Let’s face it, getting pulled over on a suspicion of driving while intoxicated in Texas is a very stressful experience. The most important thing to do in this situation is not to panic. Anything you say or do in the traffic stop may be used against you.

DWI stands for “driving while intoxicated,” and in Texas a person is considered legally intoxicated and may be arrested and charged when they are caught driving over the legal limit of alcohol in their blood (.08 BAC — breath alcohol concentration).

However, a person is also considered intoxicated if they are impaired due to alcohol or other drugs, regardless of their BAC level. Whether you are a passenger or driver, you can still be fined up to $500 in Texas for having an open alcohol container in a vehicle.

It is important to note that impairment begins with your first drink, and the best way to avoid or get out of a DWI is to not drink and drive in the first place. That being said, how do you know when you have had too much?

As you may know, your gender, body weight, the number of drinks you’ve consumed and the amount of food you’ve eaten all affect your body’s alcohol tolerance. Two to three drinks in the time span of one hour is usually enough to make most people legally intoxicated; however, women and smaller people generally become impaired with less alcohol.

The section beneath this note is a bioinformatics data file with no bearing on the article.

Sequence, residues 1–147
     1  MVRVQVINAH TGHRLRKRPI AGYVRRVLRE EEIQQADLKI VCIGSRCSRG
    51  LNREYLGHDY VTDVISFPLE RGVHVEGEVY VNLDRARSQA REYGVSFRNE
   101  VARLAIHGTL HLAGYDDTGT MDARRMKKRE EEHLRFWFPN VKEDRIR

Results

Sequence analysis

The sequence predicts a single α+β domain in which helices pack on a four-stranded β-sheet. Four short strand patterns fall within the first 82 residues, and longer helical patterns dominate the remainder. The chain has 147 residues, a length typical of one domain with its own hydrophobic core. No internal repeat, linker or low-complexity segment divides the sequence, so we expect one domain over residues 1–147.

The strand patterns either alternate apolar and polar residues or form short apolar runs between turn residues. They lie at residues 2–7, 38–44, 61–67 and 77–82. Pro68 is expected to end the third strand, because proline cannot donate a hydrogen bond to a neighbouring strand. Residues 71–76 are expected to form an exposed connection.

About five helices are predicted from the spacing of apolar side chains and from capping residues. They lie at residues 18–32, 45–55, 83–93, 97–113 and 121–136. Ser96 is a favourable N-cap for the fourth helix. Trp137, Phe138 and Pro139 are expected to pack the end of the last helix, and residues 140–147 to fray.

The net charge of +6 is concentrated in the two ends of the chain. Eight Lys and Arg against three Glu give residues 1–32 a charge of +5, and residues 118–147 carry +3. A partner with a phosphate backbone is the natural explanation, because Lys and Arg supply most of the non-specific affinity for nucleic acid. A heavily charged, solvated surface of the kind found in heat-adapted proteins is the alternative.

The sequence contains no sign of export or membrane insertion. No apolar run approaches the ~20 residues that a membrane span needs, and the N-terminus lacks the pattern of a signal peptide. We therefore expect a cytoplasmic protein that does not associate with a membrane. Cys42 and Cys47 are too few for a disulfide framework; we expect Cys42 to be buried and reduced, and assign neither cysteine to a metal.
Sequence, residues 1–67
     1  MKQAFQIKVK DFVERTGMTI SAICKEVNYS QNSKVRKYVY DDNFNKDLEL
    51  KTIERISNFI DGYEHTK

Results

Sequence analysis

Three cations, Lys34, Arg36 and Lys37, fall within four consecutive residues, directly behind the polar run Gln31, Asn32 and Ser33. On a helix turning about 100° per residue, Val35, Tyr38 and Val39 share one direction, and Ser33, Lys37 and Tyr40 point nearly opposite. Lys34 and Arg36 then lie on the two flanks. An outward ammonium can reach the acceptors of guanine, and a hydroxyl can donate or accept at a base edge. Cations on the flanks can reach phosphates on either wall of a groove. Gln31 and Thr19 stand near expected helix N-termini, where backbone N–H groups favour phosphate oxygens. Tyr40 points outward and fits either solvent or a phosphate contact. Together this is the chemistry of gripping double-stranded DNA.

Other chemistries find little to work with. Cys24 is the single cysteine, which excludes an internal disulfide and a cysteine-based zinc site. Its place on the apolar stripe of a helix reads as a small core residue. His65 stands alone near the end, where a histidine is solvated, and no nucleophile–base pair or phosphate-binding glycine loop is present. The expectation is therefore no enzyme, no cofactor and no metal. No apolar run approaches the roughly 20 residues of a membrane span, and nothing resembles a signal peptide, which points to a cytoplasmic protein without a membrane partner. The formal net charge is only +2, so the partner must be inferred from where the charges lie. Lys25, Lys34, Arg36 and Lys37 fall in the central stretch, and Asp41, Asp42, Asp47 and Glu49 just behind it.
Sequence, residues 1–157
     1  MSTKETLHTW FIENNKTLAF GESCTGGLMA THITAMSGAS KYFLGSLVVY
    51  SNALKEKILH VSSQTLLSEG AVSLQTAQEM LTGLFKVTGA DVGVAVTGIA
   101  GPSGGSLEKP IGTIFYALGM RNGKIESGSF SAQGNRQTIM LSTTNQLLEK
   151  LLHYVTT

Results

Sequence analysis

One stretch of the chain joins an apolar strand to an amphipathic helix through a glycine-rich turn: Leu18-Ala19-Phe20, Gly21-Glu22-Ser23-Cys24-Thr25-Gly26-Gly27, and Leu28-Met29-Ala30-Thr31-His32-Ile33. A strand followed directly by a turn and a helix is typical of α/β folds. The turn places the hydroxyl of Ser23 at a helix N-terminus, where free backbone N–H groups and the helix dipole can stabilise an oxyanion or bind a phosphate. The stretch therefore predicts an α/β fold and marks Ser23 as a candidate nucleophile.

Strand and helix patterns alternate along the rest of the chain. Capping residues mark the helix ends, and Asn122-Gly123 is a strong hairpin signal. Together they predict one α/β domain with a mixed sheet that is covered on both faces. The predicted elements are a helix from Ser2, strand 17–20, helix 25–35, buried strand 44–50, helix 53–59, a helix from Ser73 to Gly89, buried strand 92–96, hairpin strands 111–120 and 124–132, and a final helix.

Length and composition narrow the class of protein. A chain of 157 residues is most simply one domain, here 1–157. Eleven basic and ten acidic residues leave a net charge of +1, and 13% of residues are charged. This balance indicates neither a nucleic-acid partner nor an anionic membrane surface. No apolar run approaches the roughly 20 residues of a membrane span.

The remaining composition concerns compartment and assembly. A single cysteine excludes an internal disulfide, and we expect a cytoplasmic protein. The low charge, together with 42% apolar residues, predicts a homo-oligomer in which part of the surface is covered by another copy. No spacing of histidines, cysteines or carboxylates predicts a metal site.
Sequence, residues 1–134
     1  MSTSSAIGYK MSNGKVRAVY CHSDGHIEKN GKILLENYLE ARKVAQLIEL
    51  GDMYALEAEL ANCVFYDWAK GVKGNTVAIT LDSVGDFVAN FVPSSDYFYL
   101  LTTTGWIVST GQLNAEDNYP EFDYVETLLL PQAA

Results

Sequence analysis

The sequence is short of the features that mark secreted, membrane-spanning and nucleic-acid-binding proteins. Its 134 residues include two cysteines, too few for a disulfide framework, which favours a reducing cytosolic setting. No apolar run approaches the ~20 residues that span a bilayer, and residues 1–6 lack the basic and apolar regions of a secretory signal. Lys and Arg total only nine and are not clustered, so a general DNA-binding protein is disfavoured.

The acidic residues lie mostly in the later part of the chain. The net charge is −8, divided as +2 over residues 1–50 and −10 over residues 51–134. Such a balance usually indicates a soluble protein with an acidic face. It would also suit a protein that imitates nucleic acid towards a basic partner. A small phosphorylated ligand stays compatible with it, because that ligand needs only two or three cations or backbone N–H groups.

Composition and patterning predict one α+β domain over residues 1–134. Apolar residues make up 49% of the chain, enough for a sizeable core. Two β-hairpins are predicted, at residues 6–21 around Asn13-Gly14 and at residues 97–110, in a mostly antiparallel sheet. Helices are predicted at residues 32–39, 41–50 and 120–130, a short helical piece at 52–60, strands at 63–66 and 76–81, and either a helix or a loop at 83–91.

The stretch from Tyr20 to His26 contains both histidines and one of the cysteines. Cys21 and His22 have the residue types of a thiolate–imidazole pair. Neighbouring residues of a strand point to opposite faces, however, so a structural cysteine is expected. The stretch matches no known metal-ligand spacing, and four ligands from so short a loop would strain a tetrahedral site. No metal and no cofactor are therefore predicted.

Below are a few steps that you may take to prevent yourself from doing something that will potentially hurt your case.

When Stopped for a DWI: Be Cooperative, But not Overly Cooperative with the Officers

It is important to be as cooperative, polite, and helpful with the police officer as possible. However, you should not be over cooperative and divulge any information that will incriminate yourself.

Although you are legally required to provide your driver’s license and proof of insurance, Texas law does not require that you tell the officer that you have been drinking with friends for the past few hours or how many drinks you have had.

Further, Texas law does not require that you submit to a blood or breath test. Texas law does not require that you take the police field sobriety tests, especially because these tests are designed for you to fail and demonstrate that you are impaired on film.

Texas law does not require that you to answer the officers’ probing questions. Thus, when you are pulled over, you should politely tell the officer that you will not answer any questions or submit to any tests, until you have had the opportunity to consult with an attorney.

If you are arrested, you should demand to speak to an attorney before submitting to any chemical testing. An experienced criminal attorney can advise you what type of chemical test you need to take (breath, blood, or urine).

Texas law allows you the opportunity to have a private chemical test done within two hours of your arrest, which an attorney may help arrange. In sum,  you should be a good citizen and nice person, but not to the extent that you are self-incriminating.